 provide notice for the school board hearing and the public meeting that specifically states the
instructional materials being reviewed and how they can be accessed for public review; and
 establish a process for public review of, and comment on, the recommended instructional
As part of the adoption process, some school districts convene a committee composed of teachers and
other stakeholders to provide a preliminary review of instructional materials and make
8 Florida Department of Education, Instructional Materials, Archive,
materials/archive/ (last visited Jan. 1, 2023). The DOE website archives all adopted instructional materials lists from 2005 to present.
9 See s. 1011.67, F.S.
10 See s. 1006.283, F.S.
11 Section 1006.34, F.S. All adopted materials are posted on the DOE Instructional Materials webpage. Florida Department of
Education, Instructional Materials, (last visited Jan. 17, 2023).
12 See s. 1006.40(3)(b ), F.S.
13 Section 1011.67(2), F.S.
14 See s. 1001.215(8), F.S. (requirements for reading programs are established by the Just Read, Florida! Office at DOE).
15 Section 1006.28(2)(e), F.S.
16 See s. 847.012, F.S.
17 Section 1006.40(3)(d), F.S.
18 Sections 1006.40(4)(b) and 1006.283(2)(b)8., 9., and 11., F.S.
DATE: 3/23/2023
recommendations to the district school board for adoption.19 When a district school board delegates
decision-making authority to an instructional materials review committee, any meeting in which the
committee exercises the authority to rank, eliminate, or select materials for final approval by the school
board it must be noticed and open in accordance with the Sunshine Law. 20
Instructional Materials Related to Reproductive Health
School districts must provide health education instruction to Florida’s students. 21 This instruction must
cover, among other topics, the prevention and control of disease, prevention of child sexual abuse,
exploitation, and human trafficking, teen dating violence and abuse, 22 and the benefits of sexual
abstinence and the consequences of teen pregnancy.23, 24 Additionally, school districts may provide
instruction in HIV/AIDS as part of their health education programs. 25 School districts must permit
parents to exempt their children from instruction related to reproductive health and any disease,
including HIV/AIDS.26
Throughout instruction in acquired immune deficiency syndrome, sexually transmitted diseases, or
health education, when such instruction and course material contains instruction in human sexuality, a
school must:
 Teach abstinence from sexual activity outside of marriage as the expected standard for all
school-age students while teaching the benefits of monogamous heterosexual marriage.
 Emphasize that abstinence from sexual activity is a certain way to avoid out-of-wedlock
pregnancy, sexually transmitted diseases, including acquired immune deficiency syndrome, and
other associated health problems.
 Teach that each student has the power to control personal behavior and encourage students to
base actions on reasoning, self-esteem, and respect for others.
 Provide instruction and material that is appropriate for the grade and age of the student. 27
Instructional materials used to teach reproductive health and any disease, including HIV/AIDS, must be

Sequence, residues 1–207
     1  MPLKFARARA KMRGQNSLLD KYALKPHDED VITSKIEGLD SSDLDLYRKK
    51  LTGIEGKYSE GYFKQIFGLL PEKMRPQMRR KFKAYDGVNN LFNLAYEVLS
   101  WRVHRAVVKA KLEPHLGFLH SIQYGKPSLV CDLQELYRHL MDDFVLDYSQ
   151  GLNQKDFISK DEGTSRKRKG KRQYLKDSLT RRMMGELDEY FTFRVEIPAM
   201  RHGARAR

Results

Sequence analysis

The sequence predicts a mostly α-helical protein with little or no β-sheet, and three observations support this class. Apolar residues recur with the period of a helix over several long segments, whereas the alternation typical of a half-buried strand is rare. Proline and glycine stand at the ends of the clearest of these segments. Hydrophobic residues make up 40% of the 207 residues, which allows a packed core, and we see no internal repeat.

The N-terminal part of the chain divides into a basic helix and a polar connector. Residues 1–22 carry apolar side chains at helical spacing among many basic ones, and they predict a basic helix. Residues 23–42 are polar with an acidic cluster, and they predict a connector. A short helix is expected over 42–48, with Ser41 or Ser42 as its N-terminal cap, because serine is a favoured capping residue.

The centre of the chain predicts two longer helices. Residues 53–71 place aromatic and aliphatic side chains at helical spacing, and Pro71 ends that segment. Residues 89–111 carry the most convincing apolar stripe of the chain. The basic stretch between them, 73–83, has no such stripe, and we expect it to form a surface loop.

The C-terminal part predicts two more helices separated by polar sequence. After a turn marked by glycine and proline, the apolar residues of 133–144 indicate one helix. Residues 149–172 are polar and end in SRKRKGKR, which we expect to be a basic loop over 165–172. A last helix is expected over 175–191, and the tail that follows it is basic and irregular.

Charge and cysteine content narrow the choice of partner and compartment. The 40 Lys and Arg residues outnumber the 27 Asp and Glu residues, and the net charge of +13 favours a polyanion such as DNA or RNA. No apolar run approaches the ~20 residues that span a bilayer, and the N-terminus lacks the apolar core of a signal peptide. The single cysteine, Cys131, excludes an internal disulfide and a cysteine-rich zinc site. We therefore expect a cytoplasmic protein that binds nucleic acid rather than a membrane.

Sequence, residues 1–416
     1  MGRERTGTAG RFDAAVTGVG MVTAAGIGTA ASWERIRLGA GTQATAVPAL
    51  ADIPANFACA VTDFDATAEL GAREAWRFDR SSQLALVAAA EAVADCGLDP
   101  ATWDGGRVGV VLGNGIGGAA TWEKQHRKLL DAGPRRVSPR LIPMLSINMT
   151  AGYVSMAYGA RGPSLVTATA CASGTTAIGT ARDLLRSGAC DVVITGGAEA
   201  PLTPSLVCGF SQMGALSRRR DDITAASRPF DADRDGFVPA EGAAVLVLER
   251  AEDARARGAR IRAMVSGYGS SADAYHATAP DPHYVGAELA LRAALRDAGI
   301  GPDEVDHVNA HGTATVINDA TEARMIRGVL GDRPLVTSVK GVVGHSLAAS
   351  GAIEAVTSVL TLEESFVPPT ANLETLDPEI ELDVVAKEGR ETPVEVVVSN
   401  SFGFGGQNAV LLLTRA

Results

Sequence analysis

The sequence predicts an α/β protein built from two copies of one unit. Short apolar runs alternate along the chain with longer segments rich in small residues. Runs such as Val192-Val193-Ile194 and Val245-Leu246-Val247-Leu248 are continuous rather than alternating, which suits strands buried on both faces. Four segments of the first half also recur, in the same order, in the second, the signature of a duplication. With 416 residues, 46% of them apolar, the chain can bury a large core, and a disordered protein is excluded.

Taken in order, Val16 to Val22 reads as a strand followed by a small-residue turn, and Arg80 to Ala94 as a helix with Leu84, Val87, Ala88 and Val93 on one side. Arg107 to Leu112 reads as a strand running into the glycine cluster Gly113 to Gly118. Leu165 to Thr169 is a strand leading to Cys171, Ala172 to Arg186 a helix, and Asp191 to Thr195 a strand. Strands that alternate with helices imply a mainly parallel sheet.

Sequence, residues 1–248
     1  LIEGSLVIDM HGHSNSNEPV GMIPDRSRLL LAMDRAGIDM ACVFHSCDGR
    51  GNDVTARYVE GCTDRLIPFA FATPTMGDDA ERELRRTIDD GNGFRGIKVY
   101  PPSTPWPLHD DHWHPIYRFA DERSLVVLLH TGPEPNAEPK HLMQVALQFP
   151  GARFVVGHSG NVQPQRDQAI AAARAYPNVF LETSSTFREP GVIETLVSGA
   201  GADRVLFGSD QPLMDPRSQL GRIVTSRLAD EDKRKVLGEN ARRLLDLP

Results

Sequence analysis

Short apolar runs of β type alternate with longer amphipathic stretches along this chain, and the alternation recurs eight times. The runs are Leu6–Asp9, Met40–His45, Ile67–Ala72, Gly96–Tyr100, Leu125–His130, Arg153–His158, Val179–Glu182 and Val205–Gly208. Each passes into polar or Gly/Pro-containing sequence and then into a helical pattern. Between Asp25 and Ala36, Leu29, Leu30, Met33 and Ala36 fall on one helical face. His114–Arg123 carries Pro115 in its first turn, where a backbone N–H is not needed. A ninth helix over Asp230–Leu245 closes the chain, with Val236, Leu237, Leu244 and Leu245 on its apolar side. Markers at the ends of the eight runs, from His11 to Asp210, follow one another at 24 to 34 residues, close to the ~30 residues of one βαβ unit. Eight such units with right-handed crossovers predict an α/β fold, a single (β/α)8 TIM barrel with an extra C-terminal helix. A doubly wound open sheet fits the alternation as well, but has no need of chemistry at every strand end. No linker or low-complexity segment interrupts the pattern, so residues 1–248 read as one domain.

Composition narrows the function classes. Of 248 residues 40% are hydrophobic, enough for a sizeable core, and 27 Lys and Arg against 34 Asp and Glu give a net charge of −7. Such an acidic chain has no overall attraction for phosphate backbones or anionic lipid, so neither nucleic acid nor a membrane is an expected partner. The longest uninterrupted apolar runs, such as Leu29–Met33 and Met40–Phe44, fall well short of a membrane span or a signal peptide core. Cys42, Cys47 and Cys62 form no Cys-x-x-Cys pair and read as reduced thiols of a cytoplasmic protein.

approved annually by the district school board in an open, noticed public meeting.28 The instructional
materials must be available through a link on the school district homepage for review by parents. 29 As
the instruction in these topics occurs over a range of grades, instruction and materials used m ust
always be appropriate for the grade and age of the student. 30
Library Media and Other Materials
In addition to instructional materials, each district school board is responsible for the content of any
other materials used in the classroom, made available in a school library, or included on a reading list,
whether adopted and purchased from the state-adopted instructional materials list, adopted and
purchased through a district instructional materials program, or otherwise purchased or made
available.31 School district policies regarding library media materials selection vary. Some school
districts have policies that provide criteria for the selection of materials, with consideration being given
19 See The School District of Palm Beach County, District Instructional Materials Guidelines for Selection Procedures, available at idelines%20fo
20 Florida Citizens Alliance, Inc. v. School Bd. of Collier Cnty., 328 So.3d 22 (Fla. 2d DCA 2021). Florida's Sunshine Law is
established in s. 286.011, F.S.
21 Section 1003.42(2)(n), F.S.
22 Instruction in teen dating violence and abuse occurs in grades 7 through 12. Section 1003.42(2)(n)2., F.S.
23 Instruction in sexual abstinence and the consequences of teen pregnancy occurs in grades 6 through 12. Section 1003.42(2)(n)3.,
24 Section 1003.42(2)(n), F.S.
25 Section 1003.46(1), F.S.
26 Section 1003.42(5)
27 Section 1003.46(2), F.S.
28 Section 1003.42(1)(b), F.S.
29 Section 1003.42(5), F.S.
30 Section 1003.46(2)(d), F.S.
31 Section 1006.28(2)(a)1., F.S.
DATE: 3/23/2023
to the needs of the school based on the knowledge of curriculum and existing collection, and the needs
of the students attending the school.32 Such procedures may include the school media specialist